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March 19, 2018

Haki Africa to take police brutality to global forums

A policeman pushes a city resident in Embakasi East, Nairobi, on November 28 / REUTERS
A policeman pushes a city resident in Embakasi East, Nairobi, on November 28 / REUTERS

HAKI Africa, a human right organisation has warned that they will file all cases of police brutality  and ensure justice is served.

Speaking with media at Kwale Arts troop hall on Monday, the organization condemned the use of excessive force by police in the name of maintaining peace.

Rapid response officer Fransis Auma said that police in Kenya have impunity. They have been involved in disappearances of people in the country and nothing has been done.

"We are telling police bosses that their days are numbered. This is our country and we want peace," he said.

Auma challenged IPOA not to check on deaths only but to intervene on cases of harassment.

"We are documenting this cases and as HAKI Africa we are going to present them in Banjul, Gambia at the African commission on human right.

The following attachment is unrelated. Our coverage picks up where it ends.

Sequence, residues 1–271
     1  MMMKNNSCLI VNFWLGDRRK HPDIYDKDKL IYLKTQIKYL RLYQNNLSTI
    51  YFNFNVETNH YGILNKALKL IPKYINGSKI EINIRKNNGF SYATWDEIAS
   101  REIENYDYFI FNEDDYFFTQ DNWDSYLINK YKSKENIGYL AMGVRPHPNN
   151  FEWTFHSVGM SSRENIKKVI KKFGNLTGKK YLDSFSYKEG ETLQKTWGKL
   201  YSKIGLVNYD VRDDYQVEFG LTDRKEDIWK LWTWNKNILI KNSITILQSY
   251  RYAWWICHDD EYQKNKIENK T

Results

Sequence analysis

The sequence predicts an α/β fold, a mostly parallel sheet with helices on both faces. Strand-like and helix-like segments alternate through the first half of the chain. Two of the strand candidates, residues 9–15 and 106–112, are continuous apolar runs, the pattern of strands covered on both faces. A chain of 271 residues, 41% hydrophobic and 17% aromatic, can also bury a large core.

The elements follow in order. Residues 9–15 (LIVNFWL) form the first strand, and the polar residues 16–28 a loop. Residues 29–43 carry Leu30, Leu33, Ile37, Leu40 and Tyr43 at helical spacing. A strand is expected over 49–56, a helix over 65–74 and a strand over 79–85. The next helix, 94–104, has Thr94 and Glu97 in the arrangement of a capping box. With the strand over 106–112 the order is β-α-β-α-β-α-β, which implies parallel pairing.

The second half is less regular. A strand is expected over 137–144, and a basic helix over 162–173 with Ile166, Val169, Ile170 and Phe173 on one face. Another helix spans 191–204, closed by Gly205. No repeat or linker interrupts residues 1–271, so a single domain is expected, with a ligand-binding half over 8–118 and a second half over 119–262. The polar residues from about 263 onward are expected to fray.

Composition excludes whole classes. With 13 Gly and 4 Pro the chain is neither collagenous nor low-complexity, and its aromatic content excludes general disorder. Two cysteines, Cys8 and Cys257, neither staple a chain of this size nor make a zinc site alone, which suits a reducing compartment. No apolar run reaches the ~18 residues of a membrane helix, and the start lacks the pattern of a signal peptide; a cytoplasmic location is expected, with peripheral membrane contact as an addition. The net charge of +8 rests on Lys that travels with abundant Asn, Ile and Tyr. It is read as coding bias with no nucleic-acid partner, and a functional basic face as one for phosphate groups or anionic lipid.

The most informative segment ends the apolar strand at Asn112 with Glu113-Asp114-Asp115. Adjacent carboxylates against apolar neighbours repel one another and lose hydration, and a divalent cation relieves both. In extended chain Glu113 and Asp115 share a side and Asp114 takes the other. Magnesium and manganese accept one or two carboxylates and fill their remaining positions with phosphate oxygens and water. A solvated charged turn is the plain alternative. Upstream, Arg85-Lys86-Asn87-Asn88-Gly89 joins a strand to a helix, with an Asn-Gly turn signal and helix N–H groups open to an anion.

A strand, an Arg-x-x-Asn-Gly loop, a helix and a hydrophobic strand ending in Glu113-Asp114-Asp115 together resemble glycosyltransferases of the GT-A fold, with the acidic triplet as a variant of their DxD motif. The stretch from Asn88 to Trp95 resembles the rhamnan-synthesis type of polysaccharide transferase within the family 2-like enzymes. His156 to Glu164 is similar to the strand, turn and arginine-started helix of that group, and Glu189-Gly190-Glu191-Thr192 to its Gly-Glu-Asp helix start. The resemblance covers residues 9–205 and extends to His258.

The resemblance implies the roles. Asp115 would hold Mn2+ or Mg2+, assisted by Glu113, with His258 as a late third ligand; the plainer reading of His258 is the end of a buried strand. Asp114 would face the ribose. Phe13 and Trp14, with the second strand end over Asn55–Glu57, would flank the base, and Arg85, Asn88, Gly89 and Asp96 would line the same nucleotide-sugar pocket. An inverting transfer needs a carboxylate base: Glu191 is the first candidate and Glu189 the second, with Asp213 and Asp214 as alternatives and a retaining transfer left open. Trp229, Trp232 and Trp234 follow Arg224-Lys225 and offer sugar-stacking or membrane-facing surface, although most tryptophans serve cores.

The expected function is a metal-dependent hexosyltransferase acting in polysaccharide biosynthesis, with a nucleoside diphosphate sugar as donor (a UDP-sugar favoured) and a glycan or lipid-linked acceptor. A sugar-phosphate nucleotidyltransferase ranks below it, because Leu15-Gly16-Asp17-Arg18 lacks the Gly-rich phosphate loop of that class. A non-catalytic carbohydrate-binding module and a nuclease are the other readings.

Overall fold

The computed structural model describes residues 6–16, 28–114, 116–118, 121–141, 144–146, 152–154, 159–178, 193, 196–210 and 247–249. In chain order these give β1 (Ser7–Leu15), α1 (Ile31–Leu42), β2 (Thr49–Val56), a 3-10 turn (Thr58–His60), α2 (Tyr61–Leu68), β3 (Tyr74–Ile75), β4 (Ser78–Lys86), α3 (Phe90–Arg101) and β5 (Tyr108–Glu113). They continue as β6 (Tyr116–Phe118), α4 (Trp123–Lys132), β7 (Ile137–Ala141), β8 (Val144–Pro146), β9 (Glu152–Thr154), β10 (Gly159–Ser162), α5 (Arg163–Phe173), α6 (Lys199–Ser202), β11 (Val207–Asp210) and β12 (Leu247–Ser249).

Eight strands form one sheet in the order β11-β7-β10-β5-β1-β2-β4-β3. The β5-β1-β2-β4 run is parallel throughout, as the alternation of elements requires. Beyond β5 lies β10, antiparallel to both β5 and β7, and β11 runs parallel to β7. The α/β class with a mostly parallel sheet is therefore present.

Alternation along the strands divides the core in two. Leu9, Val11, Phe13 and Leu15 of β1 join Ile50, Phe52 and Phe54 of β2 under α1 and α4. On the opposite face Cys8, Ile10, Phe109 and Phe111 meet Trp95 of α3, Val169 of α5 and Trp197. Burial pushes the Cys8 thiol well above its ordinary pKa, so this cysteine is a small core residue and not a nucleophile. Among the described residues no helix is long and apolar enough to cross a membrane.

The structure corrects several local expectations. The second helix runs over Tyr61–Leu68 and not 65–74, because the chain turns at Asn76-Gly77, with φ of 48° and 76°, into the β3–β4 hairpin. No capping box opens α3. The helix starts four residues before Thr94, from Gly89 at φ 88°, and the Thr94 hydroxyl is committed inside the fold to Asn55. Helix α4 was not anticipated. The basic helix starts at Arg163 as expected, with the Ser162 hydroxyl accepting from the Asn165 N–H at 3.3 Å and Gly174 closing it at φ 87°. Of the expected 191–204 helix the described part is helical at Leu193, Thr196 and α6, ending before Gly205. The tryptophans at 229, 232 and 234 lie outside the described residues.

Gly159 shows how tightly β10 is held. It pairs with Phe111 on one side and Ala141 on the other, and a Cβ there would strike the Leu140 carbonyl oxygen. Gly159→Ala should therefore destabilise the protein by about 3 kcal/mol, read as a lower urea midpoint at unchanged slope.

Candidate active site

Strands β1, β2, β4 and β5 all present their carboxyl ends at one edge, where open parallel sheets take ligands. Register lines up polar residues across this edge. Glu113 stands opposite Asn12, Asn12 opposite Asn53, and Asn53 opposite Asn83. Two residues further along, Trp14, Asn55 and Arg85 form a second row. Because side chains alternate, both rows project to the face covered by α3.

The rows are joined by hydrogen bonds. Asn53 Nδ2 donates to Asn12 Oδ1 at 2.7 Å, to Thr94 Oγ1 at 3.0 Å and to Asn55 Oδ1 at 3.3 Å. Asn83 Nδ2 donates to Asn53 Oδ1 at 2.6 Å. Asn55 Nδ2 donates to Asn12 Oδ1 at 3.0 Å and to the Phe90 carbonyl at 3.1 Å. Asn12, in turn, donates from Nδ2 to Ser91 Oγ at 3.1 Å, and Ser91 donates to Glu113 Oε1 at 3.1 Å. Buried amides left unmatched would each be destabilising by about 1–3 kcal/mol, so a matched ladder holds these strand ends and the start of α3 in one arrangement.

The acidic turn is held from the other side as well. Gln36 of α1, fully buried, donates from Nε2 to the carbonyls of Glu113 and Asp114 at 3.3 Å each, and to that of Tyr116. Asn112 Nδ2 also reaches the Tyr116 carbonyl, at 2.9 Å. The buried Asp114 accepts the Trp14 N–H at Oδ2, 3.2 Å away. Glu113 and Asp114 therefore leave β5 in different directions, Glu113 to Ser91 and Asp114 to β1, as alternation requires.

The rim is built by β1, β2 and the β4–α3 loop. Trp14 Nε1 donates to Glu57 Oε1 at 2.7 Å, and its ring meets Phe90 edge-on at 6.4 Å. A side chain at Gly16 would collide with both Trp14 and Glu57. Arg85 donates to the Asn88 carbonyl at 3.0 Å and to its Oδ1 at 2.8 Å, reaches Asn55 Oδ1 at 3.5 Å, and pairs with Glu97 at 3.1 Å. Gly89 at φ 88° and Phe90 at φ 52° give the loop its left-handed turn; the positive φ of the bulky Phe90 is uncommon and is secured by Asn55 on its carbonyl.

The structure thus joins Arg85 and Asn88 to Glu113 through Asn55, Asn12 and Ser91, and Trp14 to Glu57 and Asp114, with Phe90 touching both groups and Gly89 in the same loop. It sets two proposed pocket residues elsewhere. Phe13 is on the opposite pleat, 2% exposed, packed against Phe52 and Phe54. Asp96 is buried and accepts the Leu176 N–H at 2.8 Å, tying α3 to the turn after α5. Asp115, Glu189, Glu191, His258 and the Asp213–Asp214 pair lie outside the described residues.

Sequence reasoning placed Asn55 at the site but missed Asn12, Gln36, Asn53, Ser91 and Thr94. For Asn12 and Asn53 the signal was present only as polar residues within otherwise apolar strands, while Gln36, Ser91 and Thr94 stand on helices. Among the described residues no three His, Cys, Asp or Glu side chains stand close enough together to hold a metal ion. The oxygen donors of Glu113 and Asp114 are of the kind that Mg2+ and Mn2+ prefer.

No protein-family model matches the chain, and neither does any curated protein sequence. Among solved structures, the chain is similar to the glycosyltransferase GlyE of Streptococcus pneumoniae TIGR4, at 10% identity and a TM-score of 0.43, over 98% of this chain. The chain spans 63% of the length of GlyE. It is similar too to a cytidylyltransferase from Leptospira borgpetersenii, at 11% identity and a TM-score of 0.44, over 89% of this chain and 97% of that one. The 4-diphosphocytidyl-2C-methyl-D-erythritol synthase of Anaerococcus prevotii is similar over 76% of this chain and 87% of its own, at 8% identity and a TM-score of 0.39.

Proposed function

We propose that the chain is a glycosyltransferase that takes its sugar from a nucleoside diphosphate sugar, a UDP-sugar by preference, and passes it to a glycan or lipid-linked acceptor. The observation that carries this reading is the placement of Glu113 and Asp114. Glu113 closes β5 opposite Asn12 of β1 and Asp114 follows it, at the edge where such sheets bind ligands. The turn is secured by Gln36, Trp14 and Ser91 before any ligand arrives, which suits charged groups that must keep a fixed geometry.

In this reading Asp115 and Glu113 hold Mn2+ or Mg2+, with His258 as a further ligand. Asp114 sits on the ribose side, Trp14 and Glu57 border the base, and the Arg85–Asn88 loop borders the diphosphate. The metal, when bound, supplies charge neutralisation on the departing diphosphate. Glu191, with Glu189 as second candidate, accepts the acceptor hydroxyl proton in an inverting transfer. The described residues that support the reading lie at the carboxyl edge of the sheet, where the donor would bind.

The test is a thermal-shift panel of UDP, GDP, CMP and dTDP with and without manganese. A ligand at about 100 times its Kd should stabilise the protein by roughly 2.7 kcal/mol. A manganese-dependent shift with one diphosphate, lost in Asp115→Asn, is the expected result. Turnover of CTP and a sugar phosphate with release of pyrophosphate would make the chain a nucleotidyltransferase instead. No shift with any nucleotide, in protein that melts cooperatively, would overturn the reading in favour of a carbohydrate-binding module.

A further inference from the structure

He pointed out that Kenya will be going for a review in Geneva and they will present those cases too.

He said that the move will discourage any future misuse of power by police.

"It might take time but we are not cowards and those participants must face the rule of law," he said.

Auma condemned the recent running battle between police and NASA supporters saying its unlawful.

"During the political period police have killed people in Nyanza and Nairobi and nothing has been done. The Constitution allows for any political party to hold rallies or demonstrations provided police are notified," he said.

Auma cited the example of the Kwale police force who used excessive force last month to search for stolen firearms.

He noted that, police should cooperate with locals and they will get as many information on culprits as they demand.

"Actually police think when they beat up people they will get stolen guns."

"If they have whereabouts of those criminals in possession of firearms then why don't they go directly to their places and arrest them? Beating up everyone won't return back a stolen gun," he said.

Auma said, as a human right lobby group, they are losing hope on the National police force due to their brutality on innocent citizens.

"We want the government to take action on the police officers who brutalise women and children," he said.

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